Little is known about 17th century Dutch master painter, Johannes Vermeer. Though his body of work remains revered to this day, there is scant information about his life, inspiration and passions, so don’t expect a biopic here. Girl With a Pearl Earring is based upon a novel of the same name by Tracy Chevalier and focuses on what the author believed to be the inspiration for perhaps Vermeer’s most famous painting.

Girl With A Pearl Earring is one of those Mona Lisa-like paintings that leaves viewers perplexed about exactly what the model is trying to express. She is looking back over her left shoulder, wearing a simple blue headband and a modest smock, yet she sports a pearl earring in her left ear. Her full, red lips hint at what appears to be a slight smile, but her eyes hide some sort of sadness. It’s as though she was caught walking out of the room, contemplating something worrying, and then was suddenly called out to and has to glance back. The response is like most people’s reaction to an unexpected photograph being taken. The model has remained anonymous, but many have assumed her to be a daughter, a neighbour or a tradeswoman. Girl With A Pearl Earring takes the view that she was a servant girl.

Seventeen-year-old Griet (Scarlett Johansson) is forced to join Vermeer’s (Colin Firth) household when her father is blinded in a kiln accident. The financial demands of his over-bearing mother-in-law and ever-growing family have produced great tension in the house. Vermeer is reliant on a patron, Van Ruijven (Tom Wilkinson), but the painter’s perfectionist tendencies mean he spends far too much time on each piece of work, which pulls at the family’s purse strings.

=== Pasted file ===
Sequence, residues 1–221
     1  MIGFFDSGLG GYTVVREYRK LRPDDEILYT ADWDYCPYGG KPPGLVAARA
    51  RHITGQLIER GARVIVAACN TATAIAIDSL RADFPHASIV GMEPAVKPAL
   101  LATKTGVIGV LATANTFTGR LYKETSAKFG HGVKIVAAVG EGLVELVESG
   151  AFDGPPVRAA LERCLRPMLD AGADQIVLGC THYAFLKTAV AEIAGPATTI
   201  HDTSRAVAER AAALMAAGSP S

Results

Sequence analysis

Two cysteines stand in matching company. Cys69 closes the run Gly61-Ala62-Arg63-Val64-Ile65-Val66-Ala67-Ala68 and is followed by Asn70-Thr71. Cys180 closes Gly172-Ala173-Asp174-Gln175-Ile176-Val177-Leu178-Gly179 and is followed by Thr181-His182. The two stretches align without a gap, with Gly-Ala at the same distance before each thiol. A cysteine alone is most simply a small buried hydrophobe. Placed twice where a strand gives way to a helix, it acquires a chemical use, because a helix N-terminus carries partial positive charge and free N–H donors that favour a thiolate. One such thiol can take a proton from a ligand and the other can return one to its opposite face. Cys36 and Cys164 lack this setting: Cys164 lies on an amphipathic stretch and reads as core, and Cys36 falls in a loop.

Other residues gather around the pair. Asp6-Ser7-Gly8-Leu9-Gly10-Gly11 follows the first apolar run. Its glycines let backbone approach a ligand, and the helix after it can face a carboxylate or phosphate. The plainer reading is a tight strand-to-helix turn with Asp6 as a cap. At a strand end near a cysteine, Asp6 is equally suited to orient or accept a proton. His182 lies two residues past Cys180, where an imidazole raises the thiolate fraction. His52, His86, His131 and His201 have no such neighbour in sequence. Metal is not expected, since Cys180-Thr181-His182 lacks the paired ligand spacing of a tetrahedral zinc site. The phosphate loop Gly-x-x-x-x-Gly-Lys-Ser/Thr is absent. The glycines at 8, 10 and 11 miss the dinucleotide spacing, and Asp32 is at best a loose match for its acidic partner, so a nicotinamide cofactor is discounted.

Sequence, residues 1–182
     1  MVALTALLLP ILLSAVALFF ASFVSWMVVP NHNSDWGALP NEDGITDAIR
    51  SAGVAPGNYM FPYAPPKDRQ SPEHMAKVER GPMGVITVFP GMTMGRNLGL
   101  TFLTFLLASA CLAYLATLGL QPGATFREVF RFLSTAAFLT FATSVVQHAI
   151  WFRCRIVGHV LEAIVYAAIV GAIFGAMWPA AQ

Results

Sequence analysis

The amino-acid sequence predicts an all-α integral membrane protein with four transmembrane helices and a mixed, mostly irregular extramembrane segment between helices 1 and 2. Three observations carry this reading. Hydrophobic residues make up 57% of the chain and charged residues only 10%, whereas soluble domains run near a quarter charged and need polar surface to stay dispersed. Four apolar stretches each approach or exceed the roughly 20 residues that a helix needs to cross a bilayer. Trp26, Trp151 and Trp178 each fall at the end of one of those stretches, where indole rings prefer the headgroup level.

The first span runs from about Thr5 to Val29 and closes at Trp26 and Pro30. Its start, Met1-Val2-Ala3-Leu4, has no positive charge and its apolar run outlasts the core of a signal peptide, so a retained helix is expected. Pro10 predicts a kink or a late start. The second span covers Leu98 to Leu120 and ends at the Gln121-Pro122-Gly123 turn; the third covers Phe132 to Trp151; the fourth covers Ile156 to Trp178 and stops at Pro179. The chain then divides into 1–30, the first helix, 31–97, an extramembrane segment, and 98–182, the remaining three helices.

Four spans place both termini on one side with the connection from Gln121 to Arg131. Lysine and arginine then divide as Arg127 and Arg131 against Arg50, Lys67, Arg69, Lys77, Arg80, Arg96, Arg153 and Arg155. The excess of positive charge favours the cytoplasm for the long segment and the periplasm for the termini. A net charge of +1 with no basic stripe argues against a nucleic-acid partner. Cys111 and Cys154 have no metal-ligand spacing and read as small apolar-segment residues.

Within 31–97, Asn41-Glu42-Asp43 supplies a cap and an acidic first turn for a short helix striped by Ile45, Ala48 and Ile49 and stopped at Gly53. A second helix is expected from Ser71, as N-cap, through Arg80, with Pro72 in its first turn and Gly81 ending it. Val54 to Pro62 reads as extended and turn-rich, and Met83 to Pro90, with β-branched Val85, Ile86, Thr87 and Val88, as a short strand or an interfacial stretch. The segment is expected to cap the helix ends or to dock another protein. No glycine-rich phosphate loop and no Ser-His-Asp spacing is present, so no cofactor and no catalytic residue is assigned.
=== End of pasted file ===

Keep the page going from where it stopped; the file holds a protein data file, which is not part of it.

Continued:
It is Van Rujivan – a camp, caddish, moustachioed aristocrat, hammishly played by Wilkinson – who takes a fancy to Griet and insists that she becomes Vermeer’s next project: "Ripe as a plum, still unplucked!" he exclaims. By this point, though, Vermeer has already taken a liking to our maid – recognising that she has a natural artist’s appreciation of the world around us – and has been tutoring her, creating all sorts of repressed sexual tension and tenderness.

"It’s obscene," shouts Vermeer’s wife, when she finally catches a glimpse of the completed work. Presumably, this is because polite society at the time frowned upon servants removing their headgear and wearing the mistress’s jewellery. Ironic, really, that Vermeer’s most revered work should be labelled as a piece of smut, produced at the whim of a horny patron.

The period detail of Girl With A Pearl Earring is awe-inspiring. Every shot is beautifully composed, with Vermeer-esque lighting throughout, creating an impression that 17th Holland really was as his work portrayed it. However, perhaps this fastidiousness could have been applied to the characters, who come across as bumbling stereotypes. Aside from Wilkinson’s comedy villain, we have Firth’s Vermeer – sexy, introvert, brow constantly furrowed. Add a wet shirt and Mr Darcy reincarnate will be as successful at raising the passions of female English literature students as his predecessor.

Then there’s the evil mother-in-law (Judy Parfitt), who cares nothing for art but instead berates Vermeer’s lack of productivity, and his neurotic, selfish wife. Not to mention the clichéd housekeeper ("she’s eatin’ us out of house and home") and, of course, Griet’s love interest – a brooding, blue-eyed butcher’s boy called Pieter (Cillian Murphy). Perhaps these hackneyed protagonists exist to make Johansson’s, admittedly stunning, performance as the eponymous Griet all the more enticing, but they really are difficult to forgive.

Girl With A Pearl Earring can be interpreted as either beautiful recreation of Vermeer’s world, imbued with a respect for the artist and his work, or a tedious 90-minute art lecture. Perhaps this is a little harsh – the film is not without its highlights (in addition to the stunning visuals) – but so much deference is given to the artist’s genius that at times it seems as though Vermeer himself is the film’s target audience.